Skip to main content
ARS Home » Plains Area » Lubbock, Texas » Cropping Systems Research Laboratory » Wind Erosion and Water Conservation Research » Research » Publications at this Location » Publication #152040


item Stout, John

Submitted to: Earth Surface Processes and Landforms
Publication Type: Peer Reviewed Journal
Publication Acceptance Date: 1/29/2004
Publication Date: 9/1/2004
Citation: Stout, J.E. 2004. A method for establishing the critical threshold for aeolian transport. Earth Surface Processes and Landforms. 29(10):1195-1207.

Interpretive Summary: As sandy soils are eroded by wind, dust is generated by the action of larger sand grains bouncing across the surface releasing clouds of finer dust particles. Once detached from the surface fine dust particles are blown vast distances downwind resulting in significant topsoil loss and impacting air quality. Ideally one would like to be able to predict periods of dust generation from a measured wind velocity record. To do so requires knowledge of the critical threshold for soil movement. Here we report results from a field experiment in which measurements of blowing sand and wind speed were used to calculate threshold wind speed under natural field conditions using a newly developed mathematical expression. Results from a field study conducted in West Texas reveal that threshold can be established with enough precision to identify temporal patterns resulting from changing surface conditions.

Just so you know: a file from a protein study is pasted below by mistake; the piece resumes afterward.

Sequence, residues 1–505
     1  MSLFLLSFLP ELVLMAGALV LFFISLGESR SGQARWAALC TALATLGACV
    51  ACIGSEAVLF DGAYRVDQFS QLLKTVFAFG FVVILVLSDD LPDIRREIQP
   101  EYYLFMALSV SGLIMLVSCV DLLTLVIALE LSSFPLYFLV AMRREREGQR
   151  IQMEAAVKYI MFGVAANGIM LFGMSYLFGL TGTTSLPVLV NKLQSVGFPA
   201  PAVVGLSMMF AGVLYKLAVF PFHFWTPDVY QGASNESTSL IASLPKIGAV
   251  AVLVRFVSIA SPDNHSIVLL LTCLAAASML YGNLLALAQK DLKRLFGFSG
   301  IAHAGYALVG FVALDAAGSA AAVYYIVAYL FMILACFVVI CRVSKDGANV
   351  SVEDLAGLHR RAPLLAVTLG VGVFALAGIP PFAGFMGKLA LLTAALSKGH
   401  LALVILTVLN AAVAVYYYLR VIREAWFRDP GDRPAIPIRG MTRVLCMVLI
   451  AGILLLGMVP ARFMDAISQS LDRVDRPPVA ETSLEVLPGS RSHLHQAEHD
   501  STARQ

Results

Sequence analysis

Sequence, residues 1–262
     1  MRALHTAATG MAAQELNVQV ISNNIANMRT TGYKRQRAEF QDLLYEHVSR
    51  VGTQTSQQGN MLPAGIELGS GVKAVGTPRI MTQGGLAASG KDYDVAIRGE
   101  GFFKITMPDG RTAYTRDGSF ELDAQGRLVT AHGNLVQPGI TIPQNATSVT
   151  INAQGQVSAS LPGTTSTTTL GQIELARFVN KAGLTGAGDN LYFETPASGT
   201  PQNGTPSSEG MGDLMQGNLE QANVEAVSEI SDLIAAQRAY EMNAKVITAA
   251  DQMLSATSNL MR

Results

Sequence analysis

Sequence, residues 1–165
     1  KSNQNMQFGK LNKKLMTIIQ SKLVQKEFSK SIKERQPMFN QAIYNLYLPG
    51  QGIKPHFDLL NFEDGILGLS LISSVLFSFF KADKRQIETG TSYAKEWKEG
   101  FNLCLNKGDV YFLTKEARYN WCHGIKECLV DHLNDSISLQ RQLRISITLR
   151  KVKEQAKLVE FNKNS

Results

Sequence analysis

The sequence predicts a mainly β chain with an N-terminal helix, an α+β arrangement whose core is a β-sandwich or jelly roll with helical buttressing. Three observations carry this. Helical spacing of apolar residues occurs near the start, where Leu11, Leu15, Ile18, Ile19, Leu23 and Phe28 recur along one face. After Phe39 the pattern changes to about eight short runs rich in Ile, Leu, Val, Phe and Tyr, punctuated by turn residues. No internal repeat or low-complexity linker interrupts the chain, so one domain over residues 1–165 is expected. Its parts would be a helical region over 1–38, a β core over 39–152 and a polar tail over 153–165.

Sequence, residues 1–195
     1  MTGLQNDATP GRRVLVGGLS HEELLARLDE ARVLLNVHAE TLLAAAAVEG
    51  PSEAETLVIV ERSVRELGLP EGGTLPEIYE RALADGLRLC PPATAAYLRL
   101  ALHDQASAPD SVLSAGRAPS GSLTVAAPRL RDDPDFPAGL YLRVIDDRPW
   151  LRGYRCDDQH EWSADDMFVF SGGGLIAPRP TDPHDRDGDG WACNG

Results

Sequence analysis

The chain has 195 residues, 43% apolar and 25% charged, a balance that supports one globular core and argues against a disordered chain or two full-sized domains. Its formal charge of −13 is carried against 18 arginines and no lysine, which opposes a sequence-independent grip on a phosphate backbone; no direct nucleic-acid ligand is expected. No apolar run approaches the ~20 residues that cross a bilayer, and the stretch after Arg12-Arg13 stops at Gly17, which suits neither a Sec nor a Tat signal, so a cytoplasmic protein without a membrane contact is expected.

Technical Abstract: A basic feature of any wind-eroding surface is its threshold - the wind speed at which sediment transport is initiated. A new method was developed and tested that allows for the rapid determination of threshold under natural wind conditions in the field. A mathematical expression that relates saltation activity and relative wind strength was reformulated so that threshold can be calculated from measurements of saltation activity and the mean and standard deviation of wind speed. To test the new method and determine its usefulness, a field experiment was performed within a sandy section on the Southern High Plains of West Texas. The experimental system consisted of a 2-m meteorological tower and a piezoelectric saltation sensor. It was found that during periods of active aeolian activity, threshold vlaues could be calculated every five minutes. This new method allows for routine monitoring of surface threshold conditions in the field. Example threshold calculations are presented.